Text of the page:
Robert “The Cook” Gentile, who may have been the last living mobster with clues to the Gardner Museum art heist, dies
Robert V. Gentile, the Hartford geriatric gangster whom authorities have suspected for years of hiding clues to solve the world's richest art theft at the Gardner Museum, has died, several sources said on Wednesday.
Gentile, 85, who died on September 17 at Hartford Hospital, where he was being treated for a possible stroke, was possibly the last person alive to know what happened to $ 500 million in missing art - including Vermeer's "The Concert ". and Rembrandt's "The Storm on the Sea of Galilee" - which disappeared after two gangsters disguised themselves as police officers and broke into Boston's Isabella Stewart Gardner Museum in March 1990.
Gentile, on a file from the Eisenhower administration, admitted to being associated with gangsters who the FBI believed were in possession of some of the art. But he stubbornly denied others' claims that he owned two of the pieces, at least briefly.
Investigators have been trying non-stop to get Gentile to talk for the past decade. He refused to cooperate, even though he was assured that he would not be charged. He said in interviews that he didn't trust the FBI and he rolled his nose at millions of dollars in reward money and said he didn't think he'd ever get it if he talked. He has been silent for the past decade as agents repeatedly arrested and imprisoned him in their futile efforts to persuade him to open it.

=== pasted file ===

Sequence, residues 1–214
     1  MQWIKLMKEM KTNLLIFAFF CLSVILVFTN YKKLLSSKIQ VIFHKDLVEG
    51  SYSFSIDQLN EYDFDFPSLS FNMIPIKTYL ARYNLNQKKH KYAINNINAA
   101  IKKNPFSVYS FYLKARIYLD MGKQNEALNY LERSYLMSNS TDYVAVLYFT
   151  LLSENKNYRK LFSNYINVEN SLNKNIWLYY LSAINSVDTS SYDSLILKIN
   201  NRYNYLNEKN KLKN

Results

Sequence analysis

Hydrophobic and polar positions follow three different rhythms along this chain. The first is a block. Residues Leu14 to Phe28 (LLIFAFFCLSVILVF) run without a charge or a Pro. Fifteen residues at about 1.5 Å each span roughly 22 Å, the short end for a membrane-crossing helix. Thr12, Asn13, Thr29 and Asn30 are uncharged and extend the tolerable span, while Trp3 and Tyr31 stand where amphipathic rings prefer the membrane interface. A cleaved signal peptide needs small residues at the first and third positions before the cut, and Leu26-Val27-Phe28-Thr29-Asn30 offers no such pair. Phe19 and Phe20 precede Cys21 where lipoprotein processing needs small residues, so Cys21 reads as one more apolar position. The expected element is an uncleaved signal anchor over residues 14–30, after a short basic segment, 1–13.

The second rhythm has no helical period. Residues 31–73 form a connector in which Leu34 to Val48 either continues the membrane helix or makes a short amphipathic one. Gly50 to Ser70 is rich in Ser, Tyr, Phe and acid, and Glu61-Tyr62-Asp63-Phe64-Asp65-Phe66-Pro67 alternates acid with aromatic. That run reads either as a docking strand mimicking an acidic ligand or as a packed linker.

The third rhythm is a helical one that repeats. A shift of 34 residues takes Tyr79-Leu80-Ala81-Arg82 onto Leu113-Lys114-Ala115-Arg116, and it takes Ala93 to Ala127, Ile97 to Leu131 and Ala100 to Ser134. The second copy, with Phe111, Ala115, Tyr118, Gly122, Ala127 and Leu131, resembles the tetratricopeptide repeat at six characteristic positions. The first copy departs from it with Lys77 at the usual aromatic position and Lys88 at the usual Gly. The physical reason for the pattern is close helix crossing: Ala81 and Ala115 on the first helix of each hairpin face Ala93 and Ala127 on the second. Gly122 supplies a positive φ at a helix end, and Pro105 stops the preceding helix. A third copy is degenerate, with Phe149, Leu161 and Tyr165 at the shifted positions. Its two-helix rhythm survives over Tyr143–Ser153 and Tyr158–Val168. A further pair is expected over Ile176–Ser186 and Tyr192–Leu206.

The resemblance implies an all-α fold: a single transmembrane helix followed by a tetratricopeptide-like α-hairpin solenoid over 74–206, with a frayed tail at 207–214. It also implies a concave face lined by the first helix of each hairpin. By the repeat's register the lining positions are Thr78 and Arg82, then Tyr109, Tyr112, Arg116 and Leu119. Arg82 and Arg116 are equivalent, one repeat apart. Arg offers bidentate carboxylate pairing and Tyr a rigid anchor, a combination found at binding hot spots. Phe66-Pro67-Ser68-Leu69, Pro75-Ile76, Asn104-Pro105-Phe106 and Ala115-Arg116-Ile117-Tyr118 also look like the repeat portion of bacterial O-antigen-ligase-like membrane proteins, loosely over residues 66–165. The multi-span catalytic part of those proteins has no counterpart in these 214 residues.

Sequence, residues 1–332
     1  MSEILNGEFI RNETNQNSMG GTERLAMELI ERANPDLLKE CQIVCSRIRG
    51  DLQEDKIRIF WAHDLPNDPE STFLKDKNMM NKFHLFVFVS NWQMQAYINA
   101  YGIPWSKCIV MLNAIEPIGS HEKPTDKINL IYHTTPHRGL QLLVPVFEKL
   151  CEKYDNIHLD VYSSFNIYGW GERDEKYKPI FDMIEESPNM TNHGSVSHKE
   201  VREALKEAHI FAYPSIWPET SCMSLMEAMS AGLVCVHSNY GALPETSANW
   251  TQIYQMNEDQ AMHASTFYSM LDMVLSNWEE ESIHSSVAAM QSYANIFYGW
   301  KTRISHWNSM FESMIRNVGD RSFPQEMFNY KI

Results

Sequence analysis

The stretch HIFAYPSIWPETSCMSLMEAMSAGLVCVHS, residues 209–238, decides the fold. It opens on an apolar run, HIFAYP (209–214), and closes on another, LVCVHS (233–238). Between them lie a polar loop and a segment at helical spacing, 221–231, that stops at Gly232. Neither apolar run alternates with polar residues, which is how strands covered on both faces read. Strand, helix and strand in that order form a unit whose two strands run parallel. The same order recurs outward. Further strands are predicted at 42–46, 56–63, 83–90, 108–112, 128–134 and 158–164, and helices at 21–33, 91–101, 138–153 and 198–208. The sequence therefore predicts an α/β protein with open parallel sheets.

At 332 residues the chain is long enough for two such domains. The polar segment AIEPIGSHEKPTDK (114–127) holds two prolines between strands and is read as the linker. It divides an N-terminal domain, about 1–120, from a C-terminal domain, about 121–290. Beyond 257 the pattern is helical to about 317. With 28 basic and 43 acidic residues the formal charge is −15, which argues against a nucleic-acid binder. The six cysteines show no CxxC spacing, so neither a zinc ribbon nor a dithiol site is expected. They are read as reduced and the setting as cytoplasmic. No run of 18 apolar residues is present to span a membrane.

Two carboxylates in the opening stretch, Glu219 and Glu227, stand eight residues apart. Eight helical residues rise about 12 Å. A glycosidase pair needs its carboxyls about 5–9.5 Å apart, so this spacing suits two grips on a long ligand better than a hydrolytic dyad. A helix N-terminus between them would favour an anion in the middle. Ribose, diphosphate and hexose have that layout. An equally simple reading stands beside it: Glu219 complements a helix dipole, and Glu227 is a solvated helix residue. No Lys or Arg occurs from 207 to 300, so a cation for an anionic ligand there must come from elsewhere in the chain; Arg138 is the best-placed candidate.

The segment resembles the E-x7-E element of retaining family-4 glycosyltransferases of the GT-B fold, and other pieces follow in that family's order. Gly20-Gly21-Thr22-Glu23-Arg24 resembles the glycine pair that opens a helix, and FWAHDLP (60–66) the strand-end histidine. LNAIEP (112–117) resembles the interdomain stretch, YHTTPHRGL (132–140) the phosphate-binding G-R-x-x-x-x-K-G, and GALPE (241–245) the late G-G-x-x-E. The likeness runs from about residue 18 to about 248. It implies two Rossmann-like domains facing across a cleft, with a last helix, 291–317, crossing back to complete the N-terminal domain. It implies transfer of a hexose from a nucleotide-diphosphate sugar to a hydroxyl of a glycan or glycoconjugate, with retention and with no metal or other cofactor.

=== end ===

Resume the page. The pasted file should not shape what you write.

During the same period, investigators almost dismantled Gentile's modest ranch house in Manchester in repeated searches. They found cash, drugs, what a judge called a virtual armory, and a list of stolen Gardner artwork with estimated black market values - but not art.
Gentile's attorney said he consistently denied anything to do with the robbery or the stolen art.
"For the past 11 years I have represented Robert Gentile, allegedly the last known person to own the stolen paintings," said defense attorney A. Ryan McGuigan. “I was once told by the government that he was a dangerous man. A bad man. And he deserved what was done to him. I never agreed. I only saw one older man kicked while on the ground. He was a friend. I am proud to have known him and proud to have defended him. Mr Gentile's family asked for privacy during this difficult time. "
Gentile had been in precarious health for years. While incarcerated for gun and drug offenses for the past decade, he rolled around the prison in a wheelchair and suffered from a variety of illnesses. At some point during his various incarcerations, he was almost fatally taken from a Rhode Island prison to a nearby hospital and from there to a federal prison medical facility, where he lost about 40 pounds and recovered. A non-Jewish employee said Gentile, who considers himself a foodie and uses the nickname “The Cook,” once vowed to “eat himself to death” if he were ever cornered by the FBI.
Anthony Amore, the Gardner Museum security director who works closely with the FBI, expressed his condolences to Gentile's family and said anyone with information that could lead to the restoration of the art should call the FBI or the museum. Gardner investigators had been monitoring Gentile and his health since he was last released from prison and returned to his Manchester home in 2019. His possible involvement was prominently highlighted in the recent Netflix special "This is a Robbery".
There is hope among investigators that death could trigger a new development that could provide new clues about the fate of art.